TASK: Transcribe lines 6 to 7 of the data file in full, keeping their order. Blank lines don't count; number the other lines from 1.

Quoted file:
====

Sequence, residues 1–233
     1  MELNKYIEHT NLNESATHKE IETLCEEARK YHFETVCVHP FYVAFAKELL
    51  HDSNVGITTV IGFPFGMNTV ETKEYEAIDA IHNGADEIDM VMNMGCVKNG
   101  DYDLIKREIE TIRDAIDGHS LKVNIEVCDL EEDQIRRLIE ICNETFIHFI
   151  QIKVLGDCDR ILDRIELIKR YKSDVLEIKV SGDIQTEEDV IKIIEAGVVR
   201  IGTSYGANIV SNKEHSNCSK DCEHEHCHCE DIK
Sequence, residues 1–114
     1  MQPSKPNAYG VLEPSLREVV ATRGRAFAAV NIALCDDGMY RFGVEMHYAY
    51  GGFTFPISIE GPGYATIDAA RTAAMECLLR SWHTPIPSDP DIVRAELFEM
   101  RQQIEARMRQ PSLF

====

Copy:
   201  IGTSYGANIV SNKEHSNCSK DCEHEHCHCE DIK
Sequence, residues 1–114